yield to you last.'"
NOON-TIME IN THE MEADOW.
It was nearing noon, and the sun was hot. John lifted his hat just
enough to wipe his forehead; then resting the scythe upon the bank, he
leaned against its curving handle. He looked well as he stood there,
like a boy who would one day be a man of purpose, and will to carry out
his purpose. He was tired, just tired enough to make rest sweet. He
looked across the little hollow at the foot of the meadow toward his
home. He was very hungry, and glad to see a little girl coming down the
path through the hollow with a pail in her hand. "Thank goodness!
there's Kitty coming with the lunch. I'm hungry enough to eat a crow,
feathers and all. I know just what's in that pail—ham sandwich, a big
slice of brown-bread, bottle of milk or sweetened water, and some of
mother's apple-pie, with a slice of cheese. Hurry up!" he shouted aloud,
in a strong, pleasant voice—"hurry up, Kitty dear; I'm as hungry as a
When the end of the year came, Mr. Goodnow did not wait for John to
speak. On New-Year's Eve, just before bed-time, he laid down his paper,
crossed the room, put his hand on John's shoulder, and, as if only an
hour instead of seven months had passed since he had last spoken of what
he wished John to be, he said, "Well, my boy, speak out: will ye be
farmer or lawyer?"
John rose quickly, and looked at his father. "I will be a lawyer, if I
can," said he. "But, father, I do wish you could like it;" and his voice
trembled a little.
"I do like it—I like it very much," said Mr. Goodnow, quickly; "for if
ye can do so well as ye have done at a work ye don't take to, I'm sure
ye'll prove a master-hand at what yer heart's so sot on. Ye've helped me
in my way, and I'll help ye in yourn. Ye shall have the best schoolin'
in law that money can buy, and ye've shown ye'll do the rest yourself.
Happy New-Year, my boy!" Mr. Goodnow held out his hand, and John took it
with a grip that made his father wince and smile at the same time.
Then John went to his mother, who, of course, knew all about it, and was
as happy, yes, happier, than her boy over the happiness which he had
earned so well. When he went to his own room, he was so busy thinking,
that it was some time before he looked up; but when he did he started,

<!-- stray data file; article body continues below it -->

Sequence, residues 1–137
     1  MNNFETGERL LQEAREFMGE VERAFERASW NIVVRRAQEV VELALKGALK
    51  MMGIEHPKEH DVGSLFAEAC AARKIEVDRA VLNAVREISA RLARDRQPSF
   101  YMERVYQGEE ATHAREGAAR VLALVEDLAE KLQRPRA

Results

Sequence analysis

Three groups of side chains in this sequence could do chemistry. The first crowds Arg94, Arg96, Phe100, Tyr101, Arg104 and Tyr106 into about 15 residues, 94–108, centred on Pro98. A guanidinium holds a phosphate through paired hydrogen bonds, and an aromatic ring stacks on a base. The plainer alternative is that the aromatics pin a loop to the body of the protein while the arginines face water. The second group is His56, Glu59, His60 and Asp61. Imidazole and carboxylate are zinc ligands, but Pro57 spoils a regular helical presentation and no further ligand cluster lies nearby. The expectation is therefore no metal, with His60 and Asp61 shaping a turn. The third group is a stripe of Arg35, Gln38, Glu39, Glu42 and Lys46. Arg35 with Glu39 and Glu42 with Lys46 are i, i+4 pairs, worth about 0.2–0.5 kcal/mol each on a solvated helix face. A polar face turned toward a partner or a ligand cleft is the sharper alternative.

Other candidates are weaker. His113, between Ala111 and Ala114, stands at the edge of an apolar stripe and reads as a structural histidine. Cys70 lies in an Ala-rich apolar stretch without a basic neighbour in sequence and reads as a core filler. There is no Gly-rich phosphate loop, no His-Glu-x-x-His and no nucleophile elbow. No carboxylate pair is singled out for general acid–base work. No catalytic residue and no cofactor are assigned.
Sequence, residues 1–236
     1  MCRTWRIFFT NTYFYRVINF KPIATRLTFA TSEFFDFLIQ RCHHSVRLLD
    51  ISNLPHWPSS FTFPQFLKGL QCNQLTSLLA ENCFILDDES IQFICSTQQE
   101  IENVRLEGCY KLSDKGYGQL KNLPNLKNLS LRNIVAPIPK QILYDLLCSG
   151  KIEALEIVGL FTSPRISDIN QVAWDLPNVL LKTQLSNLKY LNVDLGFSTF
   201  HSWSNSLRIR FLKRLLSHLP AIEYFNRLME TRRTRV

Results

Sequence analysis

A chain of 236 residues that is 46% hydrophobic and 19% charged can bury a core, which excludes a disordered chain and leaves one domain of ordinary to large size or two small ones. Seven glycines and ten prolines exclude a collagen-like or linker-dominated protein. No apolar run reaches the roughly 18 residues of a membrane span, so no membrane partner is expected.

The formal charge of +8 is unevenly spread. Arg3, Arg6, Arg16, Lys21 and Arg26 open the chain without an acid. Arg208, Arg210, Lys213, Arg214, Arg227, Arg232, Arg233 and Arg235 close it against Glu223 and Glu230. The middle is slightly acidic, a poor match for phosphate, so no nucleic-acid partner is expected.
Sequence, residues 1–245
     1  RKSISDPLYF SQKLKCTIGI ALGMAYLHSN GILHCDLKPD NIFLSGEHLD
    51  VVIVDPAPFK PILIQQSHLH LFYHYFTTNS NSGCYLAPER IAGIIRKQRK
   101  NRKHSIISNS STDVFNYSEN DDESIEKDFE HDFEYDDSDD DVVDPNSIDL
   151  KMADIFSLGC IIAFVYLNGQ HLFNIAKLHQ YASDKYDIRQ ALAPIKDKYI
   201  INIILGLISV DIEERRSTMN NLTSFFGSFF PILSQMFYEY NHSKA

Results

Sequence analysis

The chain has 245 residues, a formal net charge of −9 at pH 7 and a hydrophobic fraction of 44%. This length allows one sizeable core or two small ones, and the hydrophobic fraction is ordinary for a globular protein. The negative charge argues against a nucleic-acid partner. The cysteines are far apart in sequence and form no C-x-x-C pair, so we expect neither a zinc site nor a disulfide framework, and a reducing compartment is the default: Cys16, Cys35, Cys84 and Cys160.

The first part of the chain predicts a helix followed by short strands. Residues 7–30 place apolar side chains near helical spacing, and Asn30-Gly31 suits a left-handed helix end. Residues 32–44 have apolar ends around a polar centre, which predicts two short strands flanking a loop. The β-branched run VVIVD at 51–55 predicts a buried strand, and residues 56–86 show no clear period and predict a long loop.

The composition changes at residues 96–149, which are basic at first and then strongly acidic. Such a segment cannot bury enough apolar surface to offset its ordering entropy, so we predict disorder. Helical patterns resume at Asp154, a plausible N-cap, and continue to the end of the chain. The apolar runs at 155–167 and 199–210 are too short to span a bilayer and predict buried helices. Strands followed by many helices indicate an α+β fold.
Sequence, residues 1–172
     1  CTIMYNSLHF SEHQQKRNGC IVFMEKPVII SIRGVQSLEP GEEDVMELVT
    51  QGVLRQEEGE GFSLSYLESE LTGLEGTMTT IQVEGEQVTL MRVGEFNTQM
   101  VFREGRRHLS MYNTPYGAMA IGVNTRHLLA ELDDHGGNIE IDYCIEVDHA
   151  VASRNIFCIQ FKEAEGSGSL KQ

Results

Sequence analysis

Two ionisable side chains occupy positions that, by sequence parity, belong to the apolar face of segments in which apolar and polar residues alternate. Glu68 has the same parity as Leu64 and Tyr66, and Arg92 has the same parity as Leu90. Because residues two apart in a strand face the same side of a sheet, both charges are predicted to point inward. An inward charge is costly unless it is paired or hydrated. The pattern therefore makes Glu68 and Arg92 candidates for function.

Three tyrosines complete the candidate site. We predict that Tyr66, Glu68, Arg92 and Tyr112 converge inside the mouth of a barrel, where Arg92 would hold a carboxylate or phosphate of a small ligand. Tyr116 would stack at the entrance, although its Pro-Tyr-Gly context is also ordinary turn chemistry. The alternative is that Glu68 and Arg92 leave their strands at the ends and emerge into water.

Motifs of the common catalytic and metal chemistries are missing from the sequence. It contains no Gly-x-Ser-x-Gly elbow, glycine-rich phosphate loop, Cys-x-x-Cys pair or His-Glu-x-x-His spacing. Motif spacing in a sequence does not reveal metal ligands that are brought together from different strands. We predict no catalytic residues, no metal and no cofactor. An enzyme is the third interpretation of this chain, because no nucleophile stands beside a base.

and shouted "Jerusalem!" as if the word had been a bullet and he the
gun. On the wall over the table were three pictures which had not been
there before. One was of Charles Sumner, one of Rufus Choate, and one of
Abraham Lincoln. On the table beneath was this note in his mother's
"I want you, my own good boy, to learn what you attempt to know as
thoroughly, and do what you believe to be right as fearlessly, as
Charles Sumner did. Rufus Choate had the great power to so move
men's minds that they were like something melted which he could
shape as he chose. If you can be as brave, tender, and good as
Abraham Lincoln was, I shall wish with all my heart that you may
have power like Rufus Choate's and opportunity like Charles
Sumner's. You mustn't fret about father. He's as pleased and
satisfied as we are. You won him just as I told you you would, by
yielding. It is more than a month since he brought home the books
you will find on your table. They are for your first term in the
law-school. Now good-night, and a happy New-Year from your loving
Under the books on the table lay a flat package which his mother did not
know about, as Mr. Goodnow had slyly placed it there the last thing
before John went up to bed. John untied it, and found a fine picture of
Horace Greeley, and this note from his father:
"You needn't be afraid of putting Horace Greeley along of them
chaps your mother has given you. He can stand it if they can; and
they'll make a good beginning of your picter-gallery. I've heard
tell of lawyers getting to be editors, too, afore now. If you
should ever run a paper, what you know about farming won't hurt it
Many years have passed away since John talked with himself as he mowed
the home meadow on that pleasant summer morning. If I should tell you
the real name of John Goodnow, you would know at once how well his good
mother's wish had been granted in the noble career of her well-known
son. And there isn't a father in the land prouder of his son than Farmer
Goodnow of his son, Judge ——.